Derek Black was a white nationalist to the core and an active advocate for its ideology, his identity shaped from birth by living in a world where white people are the true victims of racism and discrimination, the Holocaust didn’t happen, and races should be kept “pure” and live separately.
Black’s father, Don Black, is a former Ku Klux Klan leader and founder of the Stormfront, one of the oldest and most influential white supremacist online forums. Don Black’s predecessor at the head of the KKK, the infamous David Duke, is Derek Black’s godfather.
Yet Derek still managed to turn away from the movement as a 22-year-old, announcing his decision in a letter he wrote to the Southern Poverty Law Center. Now 30 and pursuing a Ph.D. in history at the University of Chicago, Black will tell his story and offer insights into the current rise of nationalism in the United States and Europe in “Why I Left the White Nationalist Movement,” the final installment of the three-part StraightTalk Series scheduled for Sept. 12 in Furman’s McAlister Auditorium.
“I think the world is very complicated, but there are ways to understand things like this El Paso shooting … and how it is not isolated, how it is completely true that there is some ideology behind it that’s not so fringe,” Black said. “And the only way to really understand this is to understand the longer-term history of white-supremacist ideology that has always been at the very center of our society, even though we don’t always like to look at it, and understand that there is a way out. But we have to be quite deliberate and thoughtful about how to do that.”
Deliberate and thoughtful is a good way to describe the process that ultimately led Black to renounce racism. Home-schooled as a child, his views were challenged for the first time when he enrolled in New College of Florida, a liberal arts school in Sarasota, where he met people of different races and faiths.
Black increasingly questioned his convictions thanks in part to more information and, especially, new relationships. Most significant were friendships with Jews, who, rather than reject him, invited him over for Shabbat dinner on a weekly basis.
“I really thought there was no challenge to my belief system that was even possible,” Black said. “They didn’t even bring it up … We would talk about religious history and arts and what was happening around campus, and the idea was that inviting me there would be a statement in itself.”
It took several years, but eventually Black couldn’t reconcile what he’d learned with what he thought he knew.
“All the evidence that my family had used that I thought was good evidence, like IQ and crime, were not statistically real. They didn’t hold up to scientific rigor,” Black said. “Those conversations combined with the idea that this (worldview) is really hurting people, and people who I had come to know and had some connection to … ultimately ended with me feeling like it was not an ideology that I could agree with.”
In the years since, Black has been an outspoken critic of white nationalism, and one of the goals of his talk is to highlight how deeply ingrained the ideology is in society.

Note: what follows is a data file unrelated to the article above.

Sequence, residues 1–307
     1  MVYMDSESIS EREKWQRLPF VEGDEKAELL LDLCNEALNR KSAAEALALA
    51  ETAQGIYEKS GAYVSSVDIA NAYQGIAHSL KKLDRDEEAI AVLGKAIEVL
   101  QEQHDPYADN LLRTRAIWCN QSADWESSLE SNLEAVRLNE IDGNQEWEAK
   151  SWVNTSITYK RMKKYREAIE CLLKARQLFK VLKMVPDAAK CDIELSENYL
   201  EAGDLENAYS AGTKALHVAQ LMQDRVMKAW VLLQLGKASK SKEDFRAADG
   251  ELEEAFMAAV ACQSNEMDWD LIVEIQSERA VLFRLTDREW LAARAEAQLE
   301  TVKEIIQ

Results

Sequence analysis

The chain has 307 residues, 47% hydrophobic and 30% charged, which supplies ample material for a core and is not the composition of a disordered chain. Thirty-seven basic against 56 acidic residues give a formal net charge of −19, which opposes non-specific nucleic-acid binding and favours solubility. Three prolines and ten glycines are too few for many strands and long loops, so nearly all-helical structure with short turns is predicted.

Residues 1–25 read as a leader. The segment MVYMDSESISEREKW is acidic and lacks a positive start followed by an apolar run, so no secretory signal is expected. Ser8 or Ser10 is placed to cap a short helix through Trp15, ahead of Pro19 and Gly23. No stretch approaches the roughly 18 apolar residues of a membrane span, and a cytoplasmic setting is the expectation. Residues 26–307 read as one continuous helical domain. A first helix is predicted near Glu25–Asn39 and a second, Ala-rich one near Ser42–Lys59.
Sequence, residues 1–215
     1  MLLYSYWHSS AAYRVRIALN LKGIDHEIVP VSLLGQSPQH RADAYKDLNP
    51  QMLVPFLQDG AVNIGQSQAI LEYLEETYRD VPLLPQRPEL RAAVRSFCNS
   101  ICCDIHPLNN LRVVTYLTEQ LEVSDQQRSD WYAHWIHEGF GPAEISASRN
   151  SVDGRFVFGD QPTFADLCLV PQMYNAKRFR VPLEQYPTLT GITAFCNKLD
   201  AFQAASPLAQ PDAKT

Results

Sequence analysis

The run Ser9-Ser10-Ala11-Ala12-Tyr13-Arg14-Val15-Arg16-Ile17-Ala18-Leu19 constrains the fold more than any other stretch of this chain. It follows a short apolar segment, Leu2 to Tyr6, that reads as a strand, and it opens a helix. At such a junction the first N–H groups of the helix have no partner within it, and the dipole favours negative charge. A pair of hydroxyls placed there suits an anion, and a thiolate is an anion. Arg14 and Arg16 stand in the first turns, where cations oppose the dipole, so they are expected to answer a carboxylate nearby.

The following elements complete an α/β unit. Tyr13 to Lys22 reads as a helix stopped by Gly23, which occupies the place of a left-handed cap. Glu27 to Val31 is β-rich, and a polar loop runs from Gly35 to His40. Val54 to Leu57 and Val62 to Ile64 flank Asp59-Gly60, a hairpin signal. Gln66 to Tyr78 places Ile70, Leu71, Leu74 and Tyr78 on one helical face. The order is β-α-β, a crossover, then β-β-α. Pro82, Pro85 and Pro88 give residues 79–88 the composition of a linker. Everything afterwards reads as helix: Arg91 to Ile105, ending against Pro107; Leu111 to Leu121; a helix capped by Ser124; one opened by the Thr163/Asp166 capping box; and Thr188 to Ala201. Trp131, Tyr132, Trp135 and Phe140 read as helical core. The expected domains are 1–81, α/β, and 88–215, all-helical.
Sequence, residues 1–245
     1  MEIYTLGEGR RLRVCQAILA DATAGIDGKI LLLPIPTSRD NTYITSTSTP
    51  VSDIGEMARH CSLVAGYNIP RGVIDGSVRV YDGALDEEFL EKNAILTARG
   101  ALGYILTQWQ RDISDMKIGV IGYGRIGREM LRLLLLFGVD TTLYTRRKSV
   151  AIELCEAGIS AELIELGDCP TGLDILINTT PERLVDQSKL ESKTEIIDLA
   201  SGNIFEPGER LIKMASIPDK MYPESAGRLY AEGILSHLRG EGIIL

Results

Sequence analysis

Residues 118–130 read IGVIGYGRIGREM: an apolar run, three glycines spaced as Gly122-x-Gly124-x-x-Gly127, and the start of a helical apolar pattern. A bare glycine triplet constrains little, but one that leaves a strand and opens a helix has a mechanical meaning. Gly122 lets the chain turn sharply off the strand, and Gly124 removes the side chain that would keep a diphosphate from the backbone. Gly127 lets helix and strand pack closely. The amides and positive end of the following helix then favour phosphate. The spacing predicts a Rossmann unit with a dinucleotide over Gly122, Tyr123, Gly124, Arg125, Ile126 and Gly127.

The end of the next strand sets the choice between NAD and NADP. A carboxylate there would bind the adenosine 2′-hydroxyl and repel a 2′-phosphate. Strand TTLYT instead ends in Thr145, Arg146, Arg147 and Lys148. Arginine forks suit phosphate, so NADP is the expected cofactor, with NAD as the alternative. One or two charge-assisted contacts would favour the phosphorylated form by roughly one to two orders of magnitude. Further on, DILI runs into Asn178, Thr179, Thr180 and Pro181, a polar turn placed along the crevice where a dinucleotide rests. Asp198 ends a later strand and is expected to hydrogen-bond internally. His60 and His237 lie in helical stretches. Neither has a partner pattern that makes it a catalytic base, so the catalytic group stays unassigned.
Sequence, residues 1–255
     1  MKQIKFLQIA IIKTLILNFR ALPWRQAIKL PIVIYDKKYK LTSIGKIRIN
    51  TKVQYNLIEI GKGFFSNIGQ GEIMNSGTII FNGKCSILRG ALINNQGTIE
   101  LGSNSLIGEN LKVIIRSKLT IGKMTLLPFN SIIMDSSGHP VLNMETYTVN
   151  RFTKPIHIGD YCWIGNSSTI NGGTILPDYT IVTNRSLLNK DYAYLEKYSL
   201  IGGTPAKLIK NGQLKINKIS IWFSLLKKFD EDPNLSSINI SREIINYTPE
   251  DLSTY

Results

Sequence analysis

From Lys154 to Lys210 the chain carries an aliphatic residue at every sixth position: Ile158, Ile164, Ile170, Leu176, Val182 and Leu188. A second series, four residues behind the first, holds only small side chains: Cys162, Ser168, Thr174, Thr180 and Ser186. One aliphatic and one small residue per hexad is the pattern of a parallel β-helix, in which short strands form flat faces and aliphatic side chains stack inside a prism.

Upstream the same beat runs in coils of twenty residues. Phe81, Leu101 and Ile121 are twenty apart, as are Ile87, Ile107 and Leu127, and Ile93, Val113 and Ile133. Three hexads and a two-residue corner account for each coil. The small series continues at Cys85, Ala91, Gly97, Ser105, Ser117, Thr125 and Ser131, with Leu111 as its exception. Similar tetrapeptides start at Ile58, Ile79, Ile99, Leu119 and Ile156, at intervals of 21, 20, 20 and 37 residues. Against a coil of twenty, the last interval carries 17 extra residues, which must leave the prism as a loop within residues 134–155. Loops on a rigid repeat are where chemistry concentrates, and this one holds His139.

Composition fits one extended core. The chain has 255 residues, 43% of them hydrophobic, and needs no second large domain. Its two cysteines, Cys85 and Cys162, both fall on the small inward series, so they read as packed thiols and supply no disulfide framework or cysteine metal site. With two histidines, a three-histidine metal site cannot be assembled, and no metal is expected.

“It’s not that I came out of a crazy fringe movement that has nothing to do with mainstream America,” he said. “The things that white nationalists believe are things that are believed by millions of people in a much (subtler) and less extreme way.”
White supremacists have tried to reach those people by avoiding words and slurs that are no longer socially acceptable. This is an intentional strategy Black himself helped to implement when he was a teenager.
“When you are advocating white nationalism it’s easier in my experience to get people to feel like they’re willing to agree as long as you’re sort of encapsulating it in things that seem mainstream, like talking about crime rather than talking explicitly about race, or talking about immigration being a job issue,” Black said. “Framing it that way, you can lead people sometimes to a point where they’re willing to be much more explicitly racist.”
Black says another objective of his talk is for people to be inspired by his about-face without losing sight of the part that community persuasion and individuals play in confronting racism.
“The fact that I went through this traumatic and dramatic transformation is a moment of hope. It means people who are really committed to this can be persuaded, and I’m happy to show that,” Black said. “On the other hand, I tend to surprise some people because I will show up and talk about the role of personal responsibility in this … It doesn’t implicate people if you live in a society that acts this way, but it does if we choose to ignore it. Then we become responsible. There’s no real reason to be defensive about this. It’s something that’s beyond any of us as an individual … But you do have to do something. Every individual has a role to play, and individual action is incredibly powerful. It’s not that one person doing something won’t change anything. I think it’s kind of the opposite: That’s the only thing that changes anything.”
The 2019 StraightTalk Series, presented by The Riley Institute and the Osher Lifelong Learning Institute, began on Aug. 29 and continues on Thursday, Sept. 5, with “Culture Wars: Multiculturalism and the Future of White Identity,” featuring talks by Eric Kaufmann, Ph.D., and Ashley Jardin, Ph.D.
Tickets remain for Black’s Sept. 12 talk, “Why I left the White Nationalist Movement,” and can be purchased here. The Sept. 5 event is sold out.